Baselga stressed that the study looked only at women with early-stage HER2-positive breast cancers, and that the drug Tykerb is approved now only for advanced breast cancers.
The study is well done and important, said Dr. Len Lichtenfeld, deputy chief medical officer for the American Cancer Society. The two drugs, he said, "affect the same pathway but do it in a different way."
While the combination showed a better response rate, "there is also an increased level of side effects," he noted.
While no major heart problems occurred, those on Tykerb alone or the two-drug combination had more diarrhea. Liver-enzyme alterations were also more frequent when Tykerb was used.
GlaxoSmithKline notes that liver toxicity with the drug may be severe and that deaths have been reported, although the cause of the deaths has not been determined.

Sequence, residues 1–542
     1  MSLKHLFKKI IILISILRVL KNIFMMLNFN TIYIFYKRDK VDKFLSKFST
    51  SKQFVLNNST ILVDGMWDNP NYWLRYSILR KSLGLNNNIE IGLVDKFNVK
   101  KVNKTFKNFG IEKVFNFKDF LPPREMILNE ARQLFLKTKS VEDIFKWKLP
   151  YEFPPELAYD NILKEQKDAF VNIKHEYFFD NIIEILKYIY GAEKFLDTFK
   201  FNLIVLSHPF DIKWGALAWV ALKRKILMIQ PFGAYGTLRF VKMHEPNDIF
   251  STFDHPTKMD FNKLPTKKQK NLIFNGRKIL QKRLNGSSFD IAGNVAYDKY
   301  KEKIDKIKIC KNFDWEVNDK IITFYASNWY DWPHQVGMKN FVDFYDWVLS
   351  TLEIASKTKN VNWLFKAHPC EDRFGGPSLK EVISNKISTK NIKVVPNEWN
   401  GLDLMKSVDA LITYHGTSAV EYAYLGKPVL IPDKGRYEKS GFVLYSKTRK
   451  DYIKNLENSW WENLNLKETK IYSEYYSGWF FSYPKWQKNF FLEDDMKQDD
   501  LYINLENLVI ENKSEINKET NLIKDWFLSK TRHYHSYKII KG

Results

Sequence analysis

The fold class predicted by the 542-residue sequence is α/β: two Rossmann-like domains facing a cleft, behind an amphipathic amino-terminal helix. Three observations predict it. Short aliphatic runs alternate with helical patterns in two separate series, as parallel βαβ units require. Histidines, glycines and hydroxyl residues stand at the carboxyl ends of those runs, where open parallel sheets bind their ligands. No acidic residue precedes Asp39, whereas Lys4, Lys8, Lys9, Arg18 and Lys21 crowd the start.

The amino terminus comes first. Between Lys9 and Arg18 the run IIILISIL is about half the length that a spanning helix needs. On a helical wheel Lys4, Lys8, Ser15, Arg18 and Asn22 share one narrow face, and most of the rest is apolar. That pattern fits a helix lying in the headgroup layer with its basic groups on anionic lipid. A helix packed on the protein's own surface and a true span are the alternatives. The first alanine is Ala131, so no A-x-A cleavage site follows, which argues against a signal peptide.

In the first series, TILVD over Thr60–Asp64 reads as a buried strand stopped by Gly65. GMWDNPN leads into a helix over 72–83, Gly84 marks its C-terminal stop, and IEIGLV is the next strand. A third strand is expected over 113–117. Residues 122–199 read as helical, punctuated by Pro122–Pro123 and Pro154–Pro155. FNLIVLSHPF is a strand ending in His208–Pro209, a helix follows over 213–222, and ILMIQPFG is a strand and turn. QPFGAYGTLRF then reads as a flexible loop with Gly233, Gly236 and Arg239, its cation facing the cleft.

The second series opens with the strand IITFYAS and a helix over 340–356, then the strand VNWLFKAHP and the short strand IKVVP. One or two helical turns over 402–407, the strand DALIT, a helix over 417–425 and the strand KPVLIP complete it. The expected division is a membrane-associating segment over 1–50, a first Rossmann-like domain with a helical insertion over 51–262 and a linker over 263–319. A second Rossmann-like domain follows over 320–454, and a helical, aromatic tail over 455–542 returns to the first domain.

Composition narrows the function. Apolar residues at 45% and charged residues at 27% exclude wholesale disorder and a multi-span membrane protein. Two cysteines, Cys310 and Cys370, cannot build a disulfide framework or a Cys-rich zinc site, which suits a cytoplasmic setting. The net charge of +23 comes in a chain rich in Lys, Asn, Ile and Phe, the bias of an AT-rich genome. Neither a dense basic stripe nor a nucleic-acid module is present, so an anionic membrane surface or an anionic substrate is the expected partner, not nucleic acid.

The important question, however, has not been answered yet, Lichtenfeld said. That's the effect on overall survival in using the two-drug approach. The researchers are continuing to evaluate that.
In another study, published online Jan. 17 in The Lancet Oncology, researchers from Germany reported that Tykerb is less beneficial than Herceptin as a single-drug therapy.
They assigned 620 women with HER2-positive breast cancer to get standard chemotherapy plus Herceptin or Tykerb.
They looked to see which drug was better at eliminating invasive cancer in the breast and metastatic cells in the lymph nodes. While 30 percent of those in the Herceptin group had this response, 23 percent of the Tykerb group did. The study was funded by drug makers GlaxoSmithKline, Roche and Sanofi-Aventis.
Baselga reports receiving honoraria from Roche; other co-authors report receiving speaking fees or honoraria from GlaxoSmithKline and fees from other drug companies.
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